A new study from the Finance Department suggests that single parents, lower-income households and recent immigrants are more likely to lose more for extra earnings than most other groups of workers.
Also more likely to lose out from extra earnings through working more hours or getting a higher-paying job were workers who live in Quebec, and those between the ages of 35 and 44.
In some instances, the federal analysis found that those groups of workers were more likely to see 50 per cent or more of their earnings offset by higher taxes, a clawback in benefits, or a combination of the two.
Women were more likely than men to lose out on 60 per cent or more of their extra earnings, which the recently released analysis chalks up to their slightly greater reliance on federal supports.
Katherine Scott, a senior economist with the Canadian Centre for Policy Alternatives, says the study lends credence to calls from anti-poverty advocates and businesses for a broad review of the tax system.
She said a review is necessary because the tax system was designed in the past and doesn’t fully capture the economy as it is currently structured, which creates difficult choices about working more, but not netting much more income.
“This is the way the system works. You’re caught against the rock and a hard place,” Scott said.
On average, workers lost $341 for every $1,000 increase in their earnings, based on the 2017 data the paper relied on.
Of that amount, about $146 was linked to higher federal income tax payments, $23 to a decline in federal benefits like the income-tested Canada Child Benefit, and $45 from payroll taxes.
The rest was a combination of provincial taxes and benefits.
The people dinged hardest were those earning between $24,739 and $33,724, who, on average, lost about $413 for every $1,000 in additional earnings. That average was just above the loss for the top 10 per cent of income earners.
The study said the proportion of low-income workers who lost out on 50 per cent or more of their extra earnings was double the proportion of workers in the country’s top income bracket.
Not being much better off or faring financially worse after a boost in earnings could make workers think twice about taking on more hours or could lead others to stay out of the job market altogether.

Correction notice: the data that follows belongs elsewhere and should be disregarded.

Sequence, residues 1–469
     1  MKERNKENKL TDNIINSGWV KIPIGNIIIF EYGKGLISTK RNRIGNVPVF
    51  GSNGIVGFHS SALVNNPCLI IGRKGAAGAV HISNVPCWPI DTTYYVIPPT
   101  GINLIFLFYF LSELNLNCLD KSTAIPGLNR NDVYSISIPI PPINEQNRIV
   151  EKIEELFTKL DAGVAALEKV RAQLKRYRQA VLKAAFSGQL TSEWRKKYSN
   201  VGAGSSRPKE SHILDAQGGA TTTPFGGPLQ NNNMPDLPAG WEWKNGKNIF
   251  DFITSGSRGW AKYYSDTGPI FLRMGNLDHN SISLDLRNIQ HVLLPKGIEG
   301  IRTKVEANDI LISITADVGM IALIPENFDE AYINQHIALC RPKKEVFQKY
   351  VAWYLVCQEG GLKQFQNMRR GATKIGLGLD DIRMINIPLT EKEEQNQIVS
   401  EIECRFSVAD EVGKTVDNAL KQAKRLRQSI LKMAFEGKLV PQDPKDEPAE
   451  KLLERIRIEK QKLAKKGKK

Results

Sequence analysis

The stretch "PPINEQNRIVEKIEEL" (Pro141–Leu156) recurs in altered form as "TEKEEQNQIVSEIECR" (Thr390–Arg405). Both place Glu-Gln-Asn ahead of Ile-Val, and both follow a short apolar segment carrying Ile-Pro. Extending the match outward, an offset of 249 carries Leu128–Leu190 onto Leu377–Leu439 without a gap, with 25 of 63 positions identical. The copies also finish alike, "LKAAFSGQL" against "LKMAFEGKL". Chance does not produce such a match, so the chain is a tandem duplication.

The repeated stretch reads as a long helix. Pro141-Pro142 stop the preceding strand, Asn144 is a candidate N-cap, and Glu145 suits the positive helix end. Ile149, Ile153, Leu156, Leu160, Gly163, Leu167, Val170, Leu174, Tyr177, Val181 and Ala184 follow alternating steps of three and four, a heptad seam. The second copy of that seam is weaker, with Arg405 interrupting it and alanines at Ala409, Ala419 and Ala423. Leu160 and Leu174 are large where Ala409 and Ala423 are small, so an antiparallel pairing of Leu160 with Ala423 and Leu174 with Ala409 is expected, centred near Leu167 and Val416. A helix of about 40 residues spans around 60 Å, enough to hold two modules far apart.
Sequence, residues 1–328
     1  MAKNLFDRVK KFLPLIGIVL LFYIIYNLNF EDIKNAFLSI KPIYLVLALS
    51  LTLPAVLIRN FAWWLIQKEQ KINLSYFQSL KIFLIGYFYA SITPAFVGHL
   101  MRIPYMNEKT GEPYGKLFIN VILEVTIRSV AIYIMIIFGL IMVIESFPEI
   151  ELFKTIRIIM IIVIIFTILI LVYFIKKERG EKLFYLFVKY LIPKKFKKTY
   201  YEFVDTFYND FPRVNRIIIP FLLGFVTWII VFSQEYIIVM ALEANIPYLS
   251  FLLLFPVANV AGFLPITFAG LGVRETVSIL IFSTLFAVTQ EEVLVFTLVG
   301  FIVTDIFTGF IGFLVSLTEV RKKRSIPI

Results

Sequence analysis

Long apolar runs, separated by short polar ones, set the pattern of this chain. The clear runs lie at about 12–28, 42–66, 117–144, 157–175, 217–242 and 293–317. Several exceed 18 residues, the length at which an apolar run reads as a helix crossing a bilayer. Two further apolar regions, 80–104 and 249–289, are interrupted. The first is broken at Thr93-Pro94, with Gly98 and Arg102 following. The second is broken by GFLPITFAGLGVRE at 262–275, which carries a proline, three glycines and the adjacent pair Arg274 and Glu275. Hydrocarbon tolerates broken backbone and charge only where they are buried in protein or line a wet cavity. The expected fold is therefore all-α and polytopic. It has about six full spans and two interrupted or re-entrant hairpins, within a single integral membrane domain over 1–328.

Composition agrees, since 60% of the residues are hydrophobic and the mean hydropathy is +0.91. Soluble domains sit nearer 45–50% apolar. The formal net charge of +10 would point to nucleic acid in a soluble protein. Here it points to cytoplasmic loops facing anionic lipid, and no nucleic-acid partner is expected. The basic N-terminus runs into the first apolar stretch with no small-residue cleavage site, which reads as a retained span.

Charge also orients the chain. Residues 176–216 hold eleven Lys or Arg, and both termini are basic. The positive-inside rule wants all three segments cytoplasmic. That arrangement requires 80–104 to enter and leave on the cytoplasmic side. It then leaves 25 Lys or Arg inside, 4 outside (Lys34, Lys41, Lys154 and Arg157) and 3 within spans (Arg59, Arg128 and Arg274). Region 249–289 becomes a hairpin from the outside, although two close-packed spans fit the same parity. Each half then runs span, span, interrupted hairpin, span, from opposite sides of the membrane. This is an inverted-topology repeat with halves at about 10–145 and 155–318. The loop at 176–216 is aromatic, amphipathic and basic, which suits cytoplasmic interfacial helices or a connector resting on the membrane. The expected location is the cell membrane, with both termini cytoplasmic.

A large share of the population facing the possibility of losing half or more of their extra earnings could also be “an impediment to the success of policies aimed at increasing labour supply,” the Finance Department wrote in the study.
Understanding how the interaction of higher taxes and decreased benefits impacts workers’ decisions has been bureaucrats’ focus for years to reduce disincentives to work.
In theory, these “marginal effective tax rates,” as they’re known, can show policy-makers a path to prod people to work more, but that doesn’t necessarily translate into real-world results, said Garima Talwar Kapoor, policy and research director at Maytree, an anti-poverty think-tank.
“Policy-makers want to think that people think about these things, but it’s actually not how people make life decisions,” she said. “There are lots of other factors.”
She pointed to drops in the number of women working during the pandemic that were often linked to the availability of child care, rather than whether working more was going to make them lose out on child benefits.
That’s why Talwar Kapoor said policy-makers should look for ways to help lower-income workers in particular maintain benefits while also boosting their labour market attachment.
—Jordan Press, The Canadian Press